For this activity, we were asked to develop design principles that can be used to improve learning in our context. You will find a draft of my first five principles below. Comments and suggestions welcome.
I. Right-Sized Reinforcement
The right amount, type, and delivery of learning reinforcement vary depending on content and context, not to mention individual user characteristics. Although bite-sized content – or microlearning – may be the best choice in many situations, it won’t always be suitable. As such, our reinforcement design will be suited to the content it is meant to reinforce, with complex, multifaceted concepts receiving more attention in both in-person sessions and reinforcement material. This means all design guidelines will need to be flexible.
II. Focused on Core Concepts
Our leadership programs will focus exclusively on core concepts and their reinforcement; if it doesn’t add value to the primary aims of the training/development, it will be excluded (save for a humour break here and there). Learning reinforcements will focus on:
- Strengthening learner competencies (i.e. knowledge, skills, abilities, and other attributes) and/or
- Helping learners apply competencies (e.g. through discussions, debate, case studies, simulations, etc.).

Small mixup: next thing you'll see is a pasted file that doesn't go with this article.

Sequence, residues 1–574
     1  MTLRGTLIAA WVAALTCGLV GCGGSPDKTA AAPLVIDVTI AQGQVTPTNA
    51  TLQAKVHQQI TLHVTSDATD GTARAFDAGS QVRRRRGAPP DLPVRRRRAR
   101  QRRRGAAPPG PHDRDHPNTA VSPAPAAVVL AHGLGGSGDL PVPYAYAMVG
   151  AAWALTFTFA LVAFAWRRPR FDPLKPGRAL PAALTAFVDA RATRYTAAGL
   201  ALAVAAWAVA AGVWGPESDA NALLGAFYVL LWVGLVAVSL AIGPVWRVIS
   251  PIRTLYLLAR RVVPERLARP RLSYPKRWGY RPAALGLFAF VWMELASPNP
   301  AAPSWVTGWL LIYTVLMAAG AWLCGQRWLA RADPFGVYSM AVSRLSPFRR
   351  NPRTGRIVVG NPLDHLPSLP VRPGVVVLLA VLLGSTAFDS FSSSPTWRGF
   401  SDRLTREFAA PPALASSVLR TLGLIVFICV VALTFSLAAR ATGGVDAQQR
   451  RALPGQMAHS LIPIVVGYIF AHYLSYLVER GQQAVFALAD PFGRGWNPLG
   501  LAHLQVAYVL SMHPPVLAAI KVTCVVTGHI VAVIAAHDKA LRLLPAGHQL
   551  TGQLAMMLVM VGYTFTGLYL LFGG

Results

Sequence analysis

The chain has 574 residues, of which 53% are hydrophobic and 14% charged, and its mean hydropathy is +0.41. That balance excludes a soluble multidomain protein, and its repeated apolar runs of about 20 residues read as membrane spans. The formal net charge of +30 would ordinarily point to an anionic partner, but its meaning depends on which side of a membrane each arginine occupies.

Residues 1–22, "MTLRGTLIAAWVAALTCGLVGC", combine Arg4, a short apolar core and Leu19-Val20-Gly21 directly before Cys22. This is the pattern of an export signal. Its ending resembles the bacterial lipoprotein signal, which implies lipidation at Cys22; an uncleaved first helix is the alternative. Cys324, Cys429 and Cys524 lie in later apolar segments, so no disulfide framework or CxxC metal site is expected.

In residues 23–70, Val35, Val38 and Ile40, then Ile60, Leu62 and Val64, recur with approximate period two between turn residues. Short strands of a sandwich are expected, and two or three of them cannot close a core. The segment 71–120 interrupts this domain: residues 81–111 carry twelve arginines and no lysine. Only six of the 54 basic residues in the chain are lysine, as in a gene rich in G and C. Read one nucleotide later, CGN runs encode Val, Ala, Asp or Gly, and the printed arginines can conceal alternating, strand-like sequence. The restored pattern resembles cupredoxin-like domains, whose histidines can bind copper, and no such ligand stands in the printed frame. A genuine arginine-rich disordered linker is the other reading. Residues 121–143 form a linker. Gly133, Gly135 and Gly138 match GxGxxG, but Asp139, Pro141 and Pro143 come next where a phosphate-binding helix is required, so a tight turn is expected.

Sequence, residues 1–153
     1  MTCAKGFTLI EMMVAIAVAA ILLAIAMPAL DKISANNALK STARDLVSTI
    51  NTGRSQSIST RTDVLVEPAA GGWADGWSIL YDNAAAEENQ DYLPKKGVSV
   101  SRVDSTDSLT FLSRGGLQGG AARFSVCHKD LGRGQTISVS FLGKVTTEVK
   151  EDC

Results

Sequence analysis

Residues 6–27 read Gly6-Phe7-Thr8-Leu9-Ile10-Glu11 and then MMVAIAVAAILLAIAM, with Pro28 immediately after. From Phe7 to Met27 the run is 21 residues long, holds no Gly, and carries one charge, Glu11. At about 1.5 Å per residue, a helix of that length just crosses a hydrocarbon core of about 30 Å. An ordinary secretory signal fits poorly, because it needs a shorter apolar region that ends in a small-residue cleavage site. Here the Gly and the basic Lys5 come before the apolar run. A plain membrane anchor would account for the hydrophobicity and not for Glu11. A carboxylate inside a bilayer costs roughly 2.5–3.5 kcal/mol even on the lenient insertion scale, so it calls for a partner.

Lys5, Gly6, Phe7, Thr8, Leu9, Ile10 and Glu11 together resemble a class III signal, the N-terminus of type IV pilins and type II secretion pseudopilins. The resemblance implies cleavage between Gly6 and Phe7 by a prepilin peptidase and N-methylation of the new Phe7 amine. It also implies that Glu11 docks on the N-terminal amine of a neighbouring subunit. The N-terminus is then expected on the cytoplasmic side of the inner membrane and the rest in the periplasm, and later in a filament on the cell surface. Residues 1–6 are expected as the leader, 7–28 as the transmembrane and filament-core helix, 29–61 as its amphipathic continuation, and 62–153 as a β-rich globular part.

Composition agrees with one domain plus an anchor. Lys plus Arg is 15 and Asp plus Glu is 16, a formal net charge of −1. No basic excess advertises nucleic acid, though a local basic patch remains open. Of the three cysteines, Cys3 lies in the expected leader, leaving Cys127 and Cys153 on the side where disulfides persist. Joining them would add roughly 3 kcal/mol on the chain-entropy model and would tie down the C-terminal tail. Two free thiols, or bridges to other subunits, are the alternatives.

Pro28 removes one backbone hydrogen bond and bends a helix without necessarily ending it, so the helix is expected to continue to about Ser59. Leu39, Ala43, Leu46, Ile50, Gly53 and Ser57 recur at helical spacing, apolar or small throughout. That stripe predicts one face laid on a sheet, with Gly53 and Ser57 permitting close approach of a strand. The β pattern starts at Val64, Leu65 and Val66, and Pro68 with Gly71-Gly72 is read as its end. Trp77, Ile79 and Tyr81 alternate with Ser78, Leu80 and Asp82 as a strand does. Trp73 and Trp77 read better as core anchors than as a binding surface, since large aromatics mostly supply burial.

In addition to the content, the look and feel of the learning reinforcements are critical to attracting and maintaining user engagement. We must pay close attention to the aesthetics of the learning reinforcement material – and later to the design of the user experience (UX) in the Integrated Learning Experience Platform (ILEP).
IV. Applicable for a Broad Audience
As our learners come from all different industries, organizations, and roles, it is critical that our content is generalizable. In other words, learners must be able to apply learnitointo their day-to-day work. This is a critical design principle and one that is reflected in our Research department tagline: “Research that is practical and tactical”. Learning reinforcements are no exception: they must offer learners an opportunity to apply core concepts into their context and offer them help in doing so, both through the material design and additional support (e.g. analyst or coaching calls).
V. Built with Learner Differences in Mind
Learners will learn at different paces and learning reinforcement material should be designed with this in mind. Initial reinforcement material should be recommended for all learners and include the most impactful examples, background information, insights, and activities. Additional reinforcement material for the same concept should provide further support material, with the best illustrations and activities always taking priority in line. This allows learners who are more familiar with core concepts to get the most out of shorter engagement with the material and the self-pacing also gives them a sense of autonomy (both of which are components of adult learning principles).